It’s the peak of a remarkable 15-month ascension for the 30-year-old O’Day. Following the 2011 season, the Texas Rangers — unconvinced he could recover from an injury plagued-season — placed O’Day on waivers. The Orioles, in the midst of their search for a general manager, claimed O’Day on the recommendation of manager Buck Showalter.
“I got picked off the scrap heap,” O’Day said.
A key piece to the Orioles’ best season in 15 years, O’Day went 7-1 with a 2.28 ERA last season, allowing just 49 hits in 67 innings and striking out 69 batters. He stranded 37 of 43 inherited runners (86.0 percent), the third-best mark in the American League, and went 4-0 with a 1.10 ERA in 36 games vs. AL East opponents, holding hitters to a line of .135/.207/.270.
Chipper Jones denies comeback rumors
Chipper Jones is back in camp with the Atlanta Braves, but it’s merely to serve as a guest instructor.
The eight-time All-Star retired after last season, and Monday he dispelled rumors that he is considering a comeback.
“It’s not going to happen,” Jones said, according to ESPN.com.
The 40-year-old added, “I’m well-adjusted, and there’s no going back. I’ve had my time and I don’t think people really realize what kind of preparation it takes to get yourself ready to play this game at this level. …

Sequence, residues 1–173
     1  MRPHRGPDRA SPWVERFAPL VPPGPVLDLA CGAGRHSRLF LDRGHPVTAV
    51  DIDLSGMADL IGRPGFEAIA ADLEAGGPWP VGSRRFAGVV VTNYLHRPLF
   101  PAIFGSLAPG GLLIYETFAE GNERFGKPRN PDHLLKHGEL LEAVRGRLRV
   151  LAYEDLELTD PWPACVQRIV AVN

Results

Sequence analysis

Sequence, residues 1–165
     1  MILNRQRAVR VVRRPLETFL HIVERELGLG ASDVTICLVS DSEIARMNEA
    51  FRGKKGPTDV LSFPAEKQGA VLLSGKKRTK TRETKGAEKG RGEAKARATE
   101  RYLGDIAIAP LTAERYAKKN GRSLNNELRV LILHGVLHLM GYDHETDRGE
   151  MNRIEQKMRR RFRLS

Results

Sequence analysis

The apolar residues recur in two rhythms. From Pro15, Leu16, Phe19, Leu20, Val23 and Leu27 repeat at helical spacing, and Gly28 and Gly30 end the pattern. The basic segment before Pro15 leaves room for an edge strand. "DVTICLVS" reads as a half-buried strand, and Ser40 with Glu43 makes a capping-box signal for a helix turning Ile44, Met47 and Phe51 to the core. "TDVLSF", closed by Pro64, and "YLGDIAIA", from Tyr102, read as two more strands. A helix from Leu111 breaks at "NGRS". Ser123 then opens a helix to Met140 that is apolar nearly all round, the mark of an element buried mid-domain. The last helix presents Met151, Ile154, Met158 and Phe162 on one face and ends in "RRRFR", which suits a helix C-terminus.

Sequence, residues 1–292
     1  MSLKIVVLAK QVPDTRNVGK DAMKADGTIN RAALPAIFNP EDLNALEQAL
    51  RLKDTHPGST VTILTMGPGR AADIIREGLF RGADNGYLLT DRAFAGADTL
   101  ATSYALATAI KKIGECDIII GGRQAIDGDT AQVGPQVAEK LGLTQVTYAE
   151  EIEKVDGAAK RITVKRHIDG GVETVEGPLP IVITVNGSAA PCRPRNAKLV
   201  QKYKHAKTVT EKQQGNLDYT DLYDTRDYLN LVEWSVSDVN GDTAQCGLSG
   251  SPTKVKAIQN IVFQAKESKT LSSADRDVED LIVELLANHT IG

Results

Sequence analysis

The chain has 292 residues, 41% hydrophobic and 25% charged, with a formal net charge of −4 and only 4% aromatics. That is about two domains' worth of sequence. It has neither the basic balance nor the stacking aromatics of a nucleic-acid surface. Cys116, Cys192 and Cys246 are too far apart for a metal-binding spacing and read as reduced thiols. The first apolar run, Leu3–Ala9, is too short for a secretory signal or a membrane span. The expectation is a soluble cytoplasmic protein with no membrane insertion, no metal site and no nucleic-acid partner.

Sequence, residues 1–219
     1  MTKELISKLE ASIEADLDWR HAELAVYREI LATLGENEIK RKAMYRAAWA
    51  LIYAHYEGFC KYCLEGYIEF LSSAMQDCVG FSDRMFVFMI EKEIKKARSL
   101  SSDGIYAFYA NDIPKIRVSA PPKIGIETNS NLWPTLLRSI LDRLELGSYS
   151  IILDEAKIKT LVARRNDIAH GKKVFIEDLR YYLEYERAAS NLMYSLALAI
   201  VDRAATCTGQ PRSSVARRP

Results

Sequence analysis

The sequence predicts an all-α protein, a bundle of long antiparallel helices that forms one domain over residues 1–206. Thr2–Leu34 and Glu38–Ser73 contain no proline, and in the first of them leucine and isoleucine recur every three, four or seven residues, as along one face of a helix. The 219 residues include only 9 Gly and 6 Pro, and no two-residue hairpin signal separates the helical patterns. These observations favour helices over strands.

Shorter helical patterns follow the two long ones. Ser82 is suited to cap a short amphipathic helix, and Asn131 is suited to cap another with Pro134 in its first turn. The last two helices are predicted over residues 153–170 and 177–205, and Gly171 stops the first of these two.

“I’d have to start working out now to get ready for June, and that’s not gonna happen.”
The 1999 National League MVP and 2008 NL batting champ, Jones hit .287 with 14 homers and 62 RBI last year in his final season. For his career, he batted .303 with a .401 on-base percentage, a .529 slugging percentage, 468 homers and 1,623 RBI.
Yankees cautious with Jeter
TAMPA, Fla. — As his team went through infield drills on its first full-squad workout of the spring Monday, Joe Girardi didn’t stray far from shortstop.
This wasn’t surprising.
That was where Derek Jeter went about his work, the shortstop participating in his most active day to date of a rehab from a broken left ankle all expect will result in him being ready for Opening Day.
But that push was best described by first-base coach Mick Kelleher, also the infield coach.
“We’re going to go real slow,” Kelleher said after the workout.
So Jeter, by his estimation “a couple of weeks behind,” did not stretch with the team or engage in the light running when it came on the field just after 11 a.m. He did his own doctor-prescribed stretch routine inside.
Jeter came out to throw with Robinson Cano before heading to short, where he took grounders on the infield grass.
Jeter eventually backed up to the dirt, a first in his rehab, but did not move laterally. He also worked on double-play balls in what was a 25-minute session, then took part in a full round of batting practice.
“(Moving) laterally, putting weight on the ankle, crossing over, we’ll just have to take our time on that,” said Kelleher, who stood near Jeter in the field. “But going forward, he didn’t seem to have any problems at all, so I thought it was great.”